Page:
3 . 67
4 . 24

918
912
906

5. 47
5. 47
5 . 47
4. 28
4 . 36
2 . 70
2. 36
2 . 73
5. 25
4 .8 3

r e c e iv in g

c o a t an d s u it m a n u f a c tu r in g

s tr a ig h t- tim e

e s ta b lis h m e n ts ,

h o u rly e a r n in g s

A u g u a ij$ 1 9 7 0 )
—

of-

w

$ 1 .8 0 $ 1 .9 0 $ 2 . 0 0 $ 2 . 1 0 $ 2 . 2 0 $ 2 .4 0 $ 2 . 6 0 $ 2 .8 0 $ 3 .0 0 $ 3 .2 0 $ 3 .4 0 $ 3 .6 0 $ 3 .8 0 $ 4 .0 0 $ 4 .2 0 $ 4 .4 0 $ 4 .6 0 $ 4 .8 0 $ 5 .0 0 $ 5 .4 0 $ 5 .8 0 $ 6 . 2 0 $ 6 .6 0 $ 7 .0 0 $ 7 .4 0
and
under
$ 1 .9 0 $ 2 . 0 0 $ 2 . 1 0 $ 2 . 2 0 $ 2 .4 0 $ 2 .6 0 $ 2 .8 0 $ 3 .0 0 $ 3 .2 0 $ 3 .4 0 $ 3 .6 0 $ 3 .8 0 $ 4 .0 0 $ 4 .2 0 : $ 4 .4 0 $ 4 .6 0 $ 4 .8 0 $ 5 .0 0 $ 5 .4 0 $ 5 .8 0 $ 6 . 2 0 $ 6 . 6 0 $ 7 .0 0 $ 7 .4 0 o v e r
115
33
82

33
9
24

47
4
43

148
15
133

188

131
26
105

250
58
192

197
25
172

283
90
193

262
129
133

177
54
123

228
125
103

173
82
91

171
92
79

187
45
142

221
61
1 60

157
31
126

13
13
13

20

168

8

21
21
21

26

qn

26
3
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97
5
5

_

6

221

2 84

106

11 0

6

12

278

94

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no

60

63

37
184

719
39
680

97

413

136

410
15
15

130
3
3

_

_
3
3

3
3

31
31

2
2

72
_
72

39
3
36

77
_
77

_

27
27
27
_

_
_

34

S e le c te d p ro d u c tio n
o c c u p a tio n s
C u tte r s

a n d m a r k e r s ----------------------

T i m e ---------------------------------------I n s p e c t o r s , f i n a l ( e x a m i n e r s ) -----M e n ( a l l t i m e w o r k e r s ) ------------P a c k e r s , s h ip p i n g ----------------------- —
W o m e n ( a l l t i m e w o r k e r s ) ------M e n ( a l l t i m e w o r k e r s ) ------------P r e s s e r s , m a c h i n e ( a l l m e n ) -----T i m e -------------------------------------------------------P r e s s e r s , h an d an d m a c h in e
( a l l m e n ) ------------------------------------------------------T i m e -------------------------------------------------------

83
66

737
54
68 3
31
27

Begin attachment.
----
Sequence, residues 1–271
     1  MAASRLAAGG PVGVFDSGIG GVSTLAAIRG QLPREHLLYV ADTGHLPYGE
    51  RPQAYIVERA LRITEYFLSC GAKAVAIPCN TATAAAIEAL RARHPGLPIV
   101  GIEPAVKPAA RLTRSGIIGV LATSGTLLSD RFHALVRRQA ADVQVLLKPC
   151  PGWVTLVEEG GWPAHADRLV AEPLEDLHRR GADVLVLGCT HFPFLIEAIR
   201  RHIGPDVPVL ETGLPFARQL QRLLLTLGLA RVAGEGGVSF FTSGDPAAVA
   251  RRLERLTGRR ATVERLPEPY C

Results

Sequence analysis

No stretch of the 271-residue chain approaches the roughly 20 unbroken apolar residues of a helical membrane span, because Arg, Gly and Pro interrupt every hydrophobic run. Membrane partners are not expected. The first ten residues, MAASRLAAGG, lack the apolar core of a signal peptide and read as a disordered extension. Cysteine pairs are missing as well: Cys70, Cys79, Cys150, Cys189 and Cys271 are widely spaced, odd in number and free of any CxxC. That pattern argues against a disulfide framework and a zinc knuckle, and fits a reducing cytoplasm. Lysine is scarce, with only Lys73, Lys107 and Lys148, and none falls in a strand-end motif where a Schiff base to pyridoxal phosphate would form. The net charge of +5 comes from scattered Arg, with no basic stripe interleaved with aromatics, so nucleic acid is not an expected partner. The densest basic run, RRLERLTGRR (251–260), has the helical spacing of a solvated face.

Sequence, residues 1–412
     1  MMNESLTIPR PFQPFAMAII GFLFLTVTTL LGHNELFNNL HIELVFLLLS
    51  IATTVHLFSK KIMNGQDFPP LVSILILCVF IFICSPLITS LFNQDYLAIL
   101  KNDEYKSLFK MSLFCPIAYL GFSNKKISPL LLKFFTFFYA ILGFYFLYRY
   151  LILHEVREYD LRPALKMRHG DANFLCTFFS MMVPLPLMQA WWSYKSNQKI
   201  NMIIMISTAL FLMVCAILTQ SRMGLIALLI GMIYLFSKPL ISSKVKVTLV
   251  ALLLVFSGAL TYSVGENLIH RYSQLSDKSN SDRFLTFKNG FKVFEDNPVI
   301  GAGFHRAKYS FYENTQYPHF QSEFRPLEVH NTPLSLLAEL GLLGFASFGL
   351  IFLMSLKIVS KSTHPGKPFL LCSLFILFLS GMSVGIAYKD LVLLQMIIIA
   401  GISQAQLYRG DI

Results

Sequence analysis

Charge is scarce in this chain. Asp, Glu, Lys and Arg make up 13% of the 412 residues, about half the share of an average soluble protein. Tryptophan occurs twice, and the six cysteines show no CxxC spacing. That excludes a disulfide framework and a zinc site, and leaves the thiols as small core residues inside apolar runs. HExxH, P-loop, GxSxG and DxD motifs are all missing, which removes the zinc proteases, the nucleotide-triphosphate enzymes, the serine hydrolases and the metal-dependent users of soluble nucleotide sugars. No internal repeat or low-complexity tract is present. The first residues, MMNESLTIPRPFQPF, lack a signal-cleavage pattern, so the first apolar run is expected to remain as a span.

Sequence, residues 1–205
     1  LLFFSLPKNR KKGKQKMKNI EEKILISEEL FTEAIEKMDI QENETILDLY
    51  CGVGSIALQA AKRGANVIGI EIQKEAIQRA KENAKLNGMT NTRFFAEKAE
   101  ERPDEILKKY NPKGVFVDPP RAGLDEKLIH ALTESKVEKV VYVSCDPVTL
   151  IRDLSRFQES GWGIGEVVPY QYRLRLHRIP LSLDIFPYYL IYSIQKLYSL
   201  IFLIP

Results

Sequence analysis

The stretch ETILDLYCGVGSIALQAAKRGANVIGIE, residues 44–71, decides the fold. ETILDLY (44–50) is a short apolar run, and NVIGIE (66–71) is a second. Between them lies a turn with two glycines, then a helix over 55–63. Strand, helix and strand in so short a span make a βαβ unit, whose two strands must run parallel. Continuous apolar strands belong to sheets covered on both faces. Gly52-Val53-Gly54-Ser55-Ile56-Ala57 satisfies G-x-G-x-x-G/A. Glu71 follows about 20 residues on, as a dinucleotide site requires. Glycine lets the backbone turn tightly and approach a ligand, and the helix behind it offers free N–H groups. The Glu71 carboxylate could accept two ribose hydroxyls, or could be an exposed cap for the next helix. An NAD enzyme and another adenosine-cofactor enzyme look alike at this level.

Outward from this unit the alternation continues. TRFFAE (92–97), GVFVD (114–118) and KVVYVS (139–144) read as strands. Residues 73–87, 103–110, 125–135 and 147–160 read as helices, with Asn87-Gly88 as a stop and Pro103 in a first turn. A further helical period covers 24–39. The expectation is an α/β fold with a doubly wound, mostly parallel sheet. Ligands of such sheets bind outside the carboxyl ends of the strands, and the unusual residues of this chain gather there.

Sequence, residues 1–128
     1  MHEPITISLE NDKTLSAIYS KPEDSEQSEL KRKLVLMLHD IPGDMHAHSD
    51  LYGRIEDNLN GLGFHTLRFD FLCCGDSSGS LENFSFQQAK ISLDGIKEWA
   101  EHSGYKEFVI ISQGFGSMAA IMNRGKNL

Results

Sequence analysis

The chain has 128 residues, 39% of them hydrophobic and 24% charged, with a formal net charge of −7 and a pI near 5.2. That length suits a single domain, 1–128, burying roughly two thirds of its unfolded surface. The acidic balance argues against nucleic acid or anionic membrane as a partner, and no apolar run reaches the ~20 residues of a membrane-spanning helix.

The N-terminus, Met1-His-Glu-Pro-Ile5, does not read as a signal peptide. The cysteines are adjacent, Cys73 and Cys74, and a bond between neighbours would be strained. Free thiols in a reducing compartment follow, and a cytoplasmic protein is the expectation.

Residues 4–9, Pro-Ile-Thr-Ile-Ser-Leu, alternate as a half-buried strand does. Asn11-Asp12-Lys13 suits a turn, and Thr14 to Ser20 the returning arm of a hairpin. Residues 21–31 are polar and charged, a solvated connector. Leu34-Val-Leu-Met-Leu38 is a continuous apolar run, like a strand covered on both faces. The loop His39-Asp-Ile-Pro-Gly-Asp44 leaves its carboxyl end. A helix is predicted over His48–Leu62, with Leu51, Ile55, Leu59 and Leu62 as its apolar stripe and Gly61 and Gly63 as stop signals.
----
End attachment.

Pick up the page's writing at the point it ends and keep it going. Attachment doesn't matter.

1 14
46

360
176
109

5.
5.
5.
3.
3.
3.
3.
3.
3.

137
98
69

S e w e r s , h a n d ( f i n i s h e r s ) -------------------W o m e n ----------------------------------------T i m e ---------------------------------------I n c e n t i v e --------------------------------M e n ----------------------------------------------------------------T i m e -------------------------------------------------------S e w in g - m a c h in e o p e r a t o r s ,
s e c t i o n s y s t e m -----------------------------------------

S e w in g - m a c h in e o p e r a t o r s ,
s i n g l e h a n d ( t a i l o r ) s y s t e m ---------

49 0
63
427
223
204

5 . 02
5 . 02
5 . 02
4 .8 3
5 . 22

M e n ----------------------------------------------T i m e -------------------------------------------------------I n c e n t i v e ----------------------------------------------

1
2
3
4

-

24

20

59

6

18
-

20

-

69
-

6

53
-

69

104

6

-

98
-

6
6

2

93

_
80

6

93
-

119
-

_

3
_
42

-

125

12
68

22

42
-

-

756
580
220

-

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-

-

-

-

-

-

5
3
3

-

-

-

7
7
5

3
3

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22

4 . 87
5 . 01
4 . 56

68

73
37
98
76
72
64
76
90
94

-

52
18
34
-

6

12

6

5
18
15
18

6

18
18
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6

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3

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6

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3

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3
3

8
8

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8

12
12
6
6

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-

-

-

27
24
5
19
3

58
55
35

39
35
14

155
123
62

133
93

20

21

61

3

4

32

81
40
14

4

32

12

3

38
17
9

91

100

62
20

42
29

75
48
27
25

10

22

8
21
8

9

-

18

3
3

5
5

6

6

21
-

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-

-

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-

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-

-

-

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~

-

18

9

3

15
2

10

21

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18

9

18
3

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3

12

9

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13
4
9

43
16
27

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53

60

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46

8

L 'i

AL
45

8

63
_

LA
D
U

46
_

_

8

_

_

_

6

2
2

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26

15
13

6

35
11

24
14

48
33
3
30
15
15

15
15

31
19
19

21
21
21

19

73
14
59
32
27

44

33

92

33

80

12
21

68

6

_

9

13

_

2
2

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10

34
31
3

12
2
2
10
10

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_

_

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_
_
_
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_
_

_

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22

6

_
_
_
_
_
_
_

_
_
_
_
_
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L
o

_

14
14

_

24

30

15

6

15

12
12

30

15

3

15

2

10
10

39
39
24
15

4

_

_

_

_
_

_
_
_
_

_

12

12

_

_
_

_
_

_
_

12
_

_

-

_

6

_

6

_

6

30

9

3

_

15